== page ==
Fixed link


A.Djafari & F. Barbaresco

posted on 26 February 2015

reviewed by F. Barbaresco

MaxEnt 2014 strives to present Bayesian inference and Maximum Entropy methods in data analysis, information processing and inverse problems from a broad range of diverse disciplines: Astronomy and Astrophysics, Geophysics, Medical Imaging, Molecular Imaging and genomics, Non Destructive Evaluation, Particle and Quantum Physics, Physical and Chemical  Measurement Techniques, Economics and Econometrics.

MaxEnt'14 special interest was Geometrical Sciences of Information / Information Geometry and their link with classical subjects of MaxEnt workshops which are Entropy, Maximum Entropy and Bayesian inference in sciences and engineering.

MaxEnt 2014 proceedings is covering topics and highlights in the domain of “Geometric Science of Information” including Information Geometry Manifolds of structured data/information and their advanced applications. These topics addresses inter-relations between different mathematical domains like shape spaces (geometric statistics on manifolds and Lie groups, deformations in shape space,…), probability/optimization & algorithms on manifolds (structured matrix manifold, structured data/Information, …), relational and discrete metric spaces (graph metrics, distance geometry, relational analysis,…), computational and hessian information geometry, algebraic/infinite dimensionnal/Banach information manifolds, divergence geometry, tensor-valued morphology, optimal transport theory, manifold & topology learning, ….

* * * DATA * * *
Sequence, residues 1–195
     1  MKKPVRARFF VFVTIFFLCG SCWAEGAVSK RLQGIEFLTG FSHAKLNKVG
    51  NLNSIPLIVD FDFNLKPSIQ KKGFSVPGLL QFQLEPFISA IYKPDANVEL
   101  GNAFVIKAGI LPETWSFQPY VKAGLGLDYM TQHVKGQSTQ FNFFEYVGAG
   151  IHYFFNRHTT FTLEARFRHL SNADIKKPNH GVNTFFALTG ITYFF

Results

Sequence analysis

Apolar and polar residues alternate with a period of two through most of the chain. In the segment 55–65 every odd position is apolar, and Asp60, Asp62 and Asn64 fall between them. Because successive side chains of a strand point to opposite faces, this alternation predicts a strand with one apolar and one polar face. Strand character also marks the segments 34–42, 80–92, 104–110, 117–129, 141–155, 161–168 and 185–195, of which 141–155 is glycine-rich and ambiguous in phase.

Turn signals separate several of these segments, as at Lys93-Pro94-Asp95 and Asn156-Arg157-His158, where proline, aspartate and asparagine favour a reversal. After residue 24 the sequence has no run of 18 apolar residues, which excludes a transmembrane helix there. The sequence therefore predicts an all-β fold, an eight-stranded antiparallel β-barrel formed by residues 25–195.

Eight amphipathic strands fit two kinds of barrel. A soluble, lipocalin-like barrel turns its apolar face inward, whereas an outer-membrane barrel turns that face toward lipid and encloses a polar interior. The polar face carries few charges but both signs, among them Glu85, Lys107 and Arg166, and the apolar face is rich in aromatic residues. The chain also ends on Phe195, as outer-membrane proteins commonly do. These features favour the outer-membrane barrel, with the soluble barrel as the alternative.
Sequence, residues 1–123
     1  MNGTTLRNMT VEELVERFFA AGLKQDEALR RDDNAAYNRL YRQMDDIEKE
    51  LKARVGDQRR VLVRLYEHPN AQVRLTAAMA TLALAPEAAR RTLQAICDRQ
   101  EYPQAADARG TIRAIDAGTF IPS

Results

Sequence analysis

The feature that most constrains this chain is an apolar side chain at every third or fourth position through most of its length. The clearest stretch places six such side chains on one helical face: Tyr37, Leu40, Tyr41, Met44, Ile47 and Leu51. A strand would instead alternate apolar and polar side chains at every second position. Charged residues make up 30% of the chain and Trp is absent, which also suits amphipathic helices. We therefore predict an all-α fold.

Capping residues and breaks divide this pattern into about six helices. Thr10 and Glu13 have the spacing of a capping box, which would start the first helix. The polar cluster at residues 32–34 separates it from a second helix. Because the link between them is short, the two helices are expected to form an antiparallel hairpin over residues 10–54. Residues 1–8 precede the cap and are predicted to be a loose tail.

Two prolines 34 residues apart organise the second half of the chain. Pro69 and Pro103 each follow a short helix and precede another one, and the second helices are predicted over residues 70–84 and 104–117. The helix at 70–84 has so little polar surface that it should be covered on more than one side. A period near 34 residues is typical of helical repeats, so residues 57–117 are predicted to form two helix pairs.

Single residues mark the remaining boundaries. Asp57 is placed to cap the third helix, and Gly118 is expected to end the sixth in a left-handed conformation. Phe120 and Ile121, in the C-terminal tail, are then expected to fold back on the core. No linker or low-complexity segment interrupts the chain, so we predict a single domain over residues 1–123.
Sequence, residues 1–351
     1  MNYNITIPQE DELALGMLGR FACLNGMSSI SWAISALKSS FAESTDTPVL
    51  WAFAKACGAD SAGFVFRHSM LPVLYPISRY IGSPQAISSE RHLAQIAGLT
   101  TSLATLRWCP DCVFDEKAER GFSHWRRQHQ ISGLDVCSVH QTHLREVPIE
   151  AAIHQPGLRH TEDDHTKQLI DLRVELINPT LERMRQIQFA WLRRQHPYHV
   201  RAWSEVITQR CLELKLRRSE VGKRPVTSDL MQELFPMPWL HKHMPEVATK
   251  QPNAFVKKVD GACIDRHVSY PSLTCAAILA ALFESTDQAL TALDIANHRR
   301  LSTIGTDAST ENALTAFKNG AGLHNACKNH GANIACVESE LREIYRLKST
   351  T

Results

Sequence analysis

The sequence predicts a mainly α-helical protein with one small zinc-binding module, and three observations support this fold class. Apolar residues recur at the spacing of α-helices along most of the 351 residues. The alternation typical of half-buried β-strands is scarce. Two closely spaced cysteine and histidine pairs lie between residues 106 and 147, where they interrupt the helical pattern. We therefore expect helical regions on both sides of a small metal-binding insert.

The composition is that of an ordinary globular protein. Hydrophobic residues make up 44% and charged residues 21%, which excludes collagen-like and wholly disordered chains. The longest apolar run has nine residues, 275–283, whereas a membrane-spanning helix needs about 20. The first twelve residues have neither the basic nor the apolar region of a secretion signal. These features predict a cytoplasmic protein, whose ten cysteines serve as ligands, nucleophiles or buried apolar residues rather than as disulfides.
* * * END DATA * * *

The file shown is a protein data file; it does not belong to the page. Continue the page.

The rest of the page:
This Proceedings includes Tutorials:

and invited speakers papers:

  • On the Structure of Entropy” by Prof. Mikhail GROMOV (Abel Prize, IHES, Bures-sur-Yvette, France)
  • Topological forms of information” by Prof. Daniel BENNEQUIN (member of  l'Institut Mathématique de Jussieu, Denis Diderot University, Paris, France)
  • The entropy-based quantum metric” by Prof. Roger BALIAN (Member of French Academy of Sciences, Scientific Consultant of CEA, France)
  • Duhem’s abstract thermodynamics” by Prof. Stefano BORDONI (associate professor of logic, philosophy and history of science, Bologna University, Italy)